Red Bull's world champion Sebastian Vettel tuned up for qualifying by setting the fastest time seen so far in practice for the Italian Grand Prix.
Vettel beat his team-mate Mark Webber by 0.364 seconds as Red Bull showed every sign they can tame Monza.
Felipe Massa was third for Ferrari, but was nearly half a second off the pace, with team-mate Fernando Alonso eighth.
The McLarens of Lewis Hamilton and Jenson Button were fourth and fifth ahead of the improving Mercedes pair.
Red Bull have never scored a podium finish at Monza, but this year they appear to have cracked the legendary track, which historically does not play to their strengths.
With four main straights and just one fast corner at Parabolica, it is a track that rewards engine power and straight-line speed.
Vettel and Webber were almost half a second clear of their rivals and few would bet against Vettel wrapping up his 10th pole position of the season.
"We could be watching the battle for third on the grid," said Team Lotus reserve Karun Chandok, who was acting as an analyst on 5 live.
"We're looking at a Red Bull battle for pole unless McLaren, Ferrari and Mercedes can find something in the next two hours."
Ferrari president Luca di Montezemolo ramped up the pressure on his team by touring the garage as mechanics rushed around preparing the cars.
The team had worked overnight to find a solution after struggling for pace on Friday and trialled a new front wing in final practice to try to close the gap on their rivals.
It was a Ferrari that came closest to the Red Bulls but Massa was 0.483secs off the pace. Alonso, almost a second adrift, was behind both McLarens and both Mercedes.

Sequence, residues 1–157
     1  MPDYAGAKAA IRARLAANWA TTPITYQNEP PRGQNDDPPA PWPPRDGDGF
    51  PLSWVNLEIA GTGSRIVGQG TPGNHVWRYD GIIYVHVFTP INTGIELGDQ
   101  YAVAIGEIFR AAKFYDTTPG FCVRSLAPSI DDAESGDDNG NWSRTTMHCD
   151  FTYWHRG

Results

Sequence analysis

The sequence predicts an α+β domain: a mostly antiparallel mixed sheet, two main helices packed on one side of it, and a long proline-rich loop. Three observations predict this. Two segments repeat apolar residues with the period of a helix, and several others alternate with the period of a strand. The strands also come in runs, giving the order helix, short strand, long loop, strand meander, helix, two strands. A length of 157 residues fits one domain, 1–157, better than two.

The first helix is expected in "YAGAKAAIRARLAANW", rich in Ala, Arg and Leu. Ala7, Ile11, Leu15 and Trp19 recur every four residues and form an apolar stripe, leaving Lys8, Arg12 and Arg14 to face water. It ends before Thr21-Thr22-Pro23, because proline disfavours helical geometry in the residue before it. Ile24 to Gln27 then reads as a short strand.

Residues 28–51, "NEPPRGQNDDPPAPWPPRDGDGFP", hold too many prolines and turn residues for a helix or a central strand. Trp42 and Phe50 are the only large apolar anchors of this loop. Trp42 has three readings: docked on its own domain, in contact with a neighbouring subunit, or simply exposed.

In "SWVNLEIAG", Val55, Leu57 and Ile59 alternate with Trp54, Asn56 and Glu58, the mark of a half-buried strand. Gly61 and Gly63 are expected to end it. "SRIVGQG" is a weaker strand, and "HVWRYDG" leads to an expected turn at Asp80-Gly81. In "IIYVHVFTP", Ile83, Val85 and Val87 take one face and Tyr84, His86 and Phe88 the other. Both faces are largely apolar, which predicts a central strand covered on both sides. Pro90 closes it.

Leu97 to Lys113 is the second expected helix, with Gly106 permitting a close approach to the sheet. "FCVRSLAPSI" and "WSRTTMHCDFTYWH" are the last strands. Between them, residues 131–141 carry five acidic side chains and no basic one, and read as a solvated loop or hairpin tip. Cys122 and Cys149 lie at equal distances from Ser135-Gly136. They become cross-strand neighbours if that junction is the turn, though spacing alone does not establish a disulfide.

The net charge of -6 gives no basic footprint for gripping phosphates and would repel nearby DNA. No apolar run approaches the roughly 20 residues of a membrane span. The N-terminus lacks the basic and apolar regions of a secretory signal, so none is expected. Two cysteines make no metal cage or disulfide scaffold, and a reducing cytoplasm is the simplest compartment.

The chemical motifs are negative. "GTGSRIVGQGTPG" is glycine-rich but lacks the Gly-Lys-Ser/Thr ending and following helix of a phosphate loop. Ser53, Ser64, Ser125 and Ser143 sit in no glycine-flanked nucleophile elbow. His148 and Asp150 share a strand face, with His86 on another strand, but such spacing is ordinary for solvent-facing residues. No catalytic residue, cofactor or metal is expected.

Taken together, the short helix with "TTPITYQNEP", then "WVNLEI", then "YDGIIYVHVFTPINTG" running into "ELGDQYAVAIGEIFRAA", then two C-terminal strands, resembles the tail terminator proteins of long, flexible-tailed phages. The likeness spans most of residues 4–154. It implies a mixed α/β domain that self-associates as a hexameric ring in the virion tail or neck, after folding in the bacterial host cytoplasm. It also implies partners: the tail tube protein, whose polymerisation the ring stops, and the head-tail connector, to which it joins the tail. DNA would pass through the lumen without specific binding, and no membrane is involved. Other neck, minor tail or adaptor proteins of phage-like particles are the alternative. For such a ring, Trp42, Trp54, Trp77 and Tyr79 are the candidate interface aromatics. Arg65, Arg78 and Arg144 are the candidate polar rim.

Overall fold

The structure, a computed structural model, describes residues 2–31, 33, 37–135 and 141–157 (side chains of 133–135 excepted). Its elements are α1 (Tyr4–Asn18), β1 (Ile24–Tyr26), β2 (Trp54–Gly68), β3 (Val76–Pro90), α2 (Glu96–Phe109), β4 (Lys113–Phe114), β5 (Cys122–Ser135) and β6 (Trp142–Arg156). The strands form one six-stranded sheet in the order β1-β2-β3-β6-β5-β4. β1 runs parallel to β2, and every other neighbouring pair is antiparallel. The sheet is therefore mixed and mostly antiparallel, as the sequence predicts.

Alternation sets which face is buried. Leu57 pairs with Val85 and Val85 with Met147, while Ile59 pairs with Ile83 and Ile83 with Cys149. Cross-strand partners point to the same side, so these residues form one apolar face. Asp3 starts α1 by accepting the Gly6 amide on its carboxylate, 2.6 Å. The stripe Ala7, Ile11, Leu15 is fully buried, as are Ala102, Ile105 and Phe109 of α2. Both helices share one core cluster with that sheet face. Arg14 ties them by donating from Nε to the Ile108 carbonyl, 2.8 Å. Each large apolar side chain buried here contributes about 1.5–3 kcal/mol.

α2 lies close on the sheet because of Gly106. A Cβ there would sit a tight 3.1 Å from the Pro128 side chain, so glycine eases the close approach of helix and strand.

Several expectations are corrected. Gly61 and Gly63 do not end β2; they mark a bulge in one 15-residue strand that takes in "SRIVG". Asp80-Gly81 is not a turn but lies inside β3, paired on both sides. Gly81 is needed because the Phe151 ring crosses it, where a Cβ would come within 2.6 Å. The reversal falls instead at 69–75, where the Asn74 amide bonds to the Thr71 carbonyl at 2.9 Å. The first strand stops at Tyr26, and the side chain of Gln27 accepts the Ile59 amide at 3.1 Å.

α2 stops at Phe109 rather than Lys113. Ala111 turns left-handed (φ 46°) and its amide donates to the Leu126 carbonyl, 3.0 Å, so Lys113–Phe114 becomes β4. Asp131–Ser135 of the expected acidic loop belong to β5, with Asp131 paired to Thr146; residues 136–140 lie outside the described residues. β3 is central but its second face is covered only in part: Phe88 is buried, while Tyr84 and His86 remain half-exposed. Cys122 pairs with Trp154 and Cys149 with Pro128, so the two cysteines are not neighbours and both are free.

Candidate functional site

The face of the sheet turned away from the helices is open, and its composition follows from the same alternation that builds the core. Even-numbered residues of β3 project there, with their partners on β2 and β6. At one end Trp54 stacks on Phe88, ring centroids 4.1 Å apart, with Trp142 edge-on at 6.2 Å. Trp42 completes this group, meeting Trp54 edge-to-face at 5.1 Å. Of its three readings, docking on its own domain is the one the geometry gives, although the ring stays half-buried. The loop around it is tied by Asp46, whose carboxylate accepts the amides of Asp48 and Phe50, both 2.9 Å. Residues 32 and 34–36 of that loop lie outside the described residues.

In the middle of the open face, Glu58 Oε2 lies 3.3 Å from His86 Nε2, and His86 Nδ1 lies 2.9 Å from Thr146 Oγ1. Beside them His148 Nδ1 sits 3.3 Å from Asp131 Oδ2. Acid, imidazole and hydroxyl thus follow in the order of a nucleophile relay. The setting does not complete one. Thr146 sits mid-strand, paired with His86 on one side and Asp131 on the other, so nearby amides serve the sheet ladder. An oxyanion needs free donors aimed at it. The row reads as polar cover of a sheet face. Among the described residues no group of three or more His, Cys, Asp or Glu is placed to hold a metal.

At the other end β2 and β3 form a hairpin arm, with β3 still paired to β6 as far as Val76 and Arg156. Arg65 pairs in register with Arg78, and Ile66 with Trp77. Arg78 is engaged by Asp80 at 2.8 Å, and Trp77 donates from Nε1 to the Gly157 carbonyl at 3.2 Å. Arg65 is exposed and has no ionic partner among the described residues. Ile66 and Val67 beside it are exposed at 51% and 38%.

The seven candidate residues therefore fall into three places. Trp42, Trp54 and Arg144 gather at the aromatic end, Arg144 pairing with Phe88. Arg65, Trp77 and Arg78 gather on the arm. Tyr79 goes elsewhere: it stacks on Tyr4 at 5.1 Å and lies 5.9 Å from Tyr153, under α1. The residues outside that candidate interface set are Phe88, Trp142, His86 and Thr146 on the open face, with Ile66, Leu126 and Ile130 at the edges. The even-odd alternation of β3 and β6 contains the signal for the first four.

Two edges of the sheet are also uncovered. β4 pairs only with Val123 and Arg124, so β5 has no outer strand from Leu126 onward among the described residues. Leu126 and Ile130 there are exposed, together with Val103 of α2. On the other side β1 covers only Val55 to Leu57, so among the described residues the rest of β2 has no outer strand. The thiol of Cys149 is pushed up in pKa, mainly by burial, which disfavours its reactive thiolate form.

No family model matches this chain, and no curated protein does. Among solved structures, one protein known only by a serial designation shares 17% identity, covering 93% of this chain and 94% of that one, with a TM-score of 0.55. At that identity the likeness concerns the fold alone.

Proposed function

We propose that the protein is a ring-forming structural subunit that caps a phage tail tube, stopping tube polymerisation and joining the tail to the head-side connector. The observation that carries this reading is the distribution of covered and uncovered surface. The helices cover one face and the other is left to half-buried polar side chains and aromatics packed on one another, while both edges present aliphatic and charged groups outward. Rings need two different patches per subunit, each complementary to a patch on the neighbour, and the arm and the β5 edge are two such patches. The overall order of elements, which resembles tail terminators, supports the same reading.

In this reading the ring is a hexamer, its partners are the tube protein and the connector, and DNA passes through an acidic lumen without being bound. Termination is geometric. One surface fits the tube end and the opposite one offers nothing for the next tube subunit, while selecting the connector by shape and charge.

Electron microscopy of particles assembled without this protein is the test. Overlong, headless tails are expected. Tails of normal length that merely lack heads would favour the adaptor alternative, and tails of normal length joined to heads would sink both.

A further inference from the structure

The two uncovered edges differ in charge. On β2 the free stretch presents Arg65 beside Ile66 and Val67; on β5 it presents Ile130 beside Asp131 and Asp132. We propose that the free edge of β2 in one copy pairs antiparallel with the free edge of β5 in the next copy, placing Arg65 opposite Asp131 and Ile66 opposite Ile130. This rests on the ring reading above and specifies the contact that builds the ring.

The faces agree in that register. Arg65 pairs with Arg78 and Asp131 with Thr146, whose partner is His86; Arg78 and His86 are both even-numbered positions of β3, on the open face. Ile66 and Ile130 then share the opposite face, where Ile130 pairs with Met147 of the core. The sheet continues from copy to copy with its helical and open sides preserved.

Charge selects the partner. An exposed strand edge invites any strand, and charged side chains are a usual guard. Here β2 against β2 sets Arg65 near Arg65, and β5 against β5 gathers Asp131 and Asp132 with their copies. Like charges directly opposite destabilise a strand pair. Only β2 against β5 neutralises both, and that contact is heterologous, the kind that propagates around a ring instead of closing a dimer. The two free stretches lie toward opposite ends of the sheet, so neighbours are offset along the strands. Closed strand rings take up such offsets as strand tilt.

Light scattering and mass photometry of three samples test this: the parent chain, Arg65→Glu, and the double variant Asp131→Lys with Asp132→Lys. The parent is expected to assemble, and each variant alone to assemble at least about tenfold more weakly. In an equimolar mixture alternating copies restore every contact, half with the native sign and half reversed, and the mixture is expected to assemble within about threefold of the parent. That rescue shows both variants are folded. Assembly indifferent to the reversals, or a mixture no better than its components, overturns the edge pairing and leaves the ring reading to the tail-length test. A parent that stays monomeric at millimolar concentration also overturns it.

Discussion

McLaren did not appear to have made in-roads into Red Bull's advantage as Hamilton was 0.571secs shy of Vettel while Button complained again about the balance of his car.
There is one glimmer of hope for McLaren, however, who may have opted to run their car in a higher downforce set-up to gain speed through corners during the race and to boost the effectiveness of their DRS overtaking aid.
At least Mercedes found Monza's four, long straights to their liking, although Rosberg and Schumacher, who were sixth and seventh, set their lap times on low-fuel runs.
Tyre management is set to be a decisive factor this weekend as the rubber experiences higher loads at Monza - where the drivers can hit top speeds of 211mph - than at any other circuit on the calendar.
As track temperatures climbed on Friday, Red Bull and McLaren both had problems with tyre blistering - where the surface of the tyre overheats and bubbles.
Track temperatures were a cooler 33C in final practice but are expected to climb ahead of qualifying.
The sport's governing body, the FIA, has also responded to calls from tyre supplier Pirelli to police the level of camber - which is how much the tyres lean away from the vertical - at the Italian GP.
Any cars that do not adhere to the recommendations made by Pirelli - which is 3.25 degrees - will be deemed to be of "dangerous construction" and that means they could face expulsion from the race.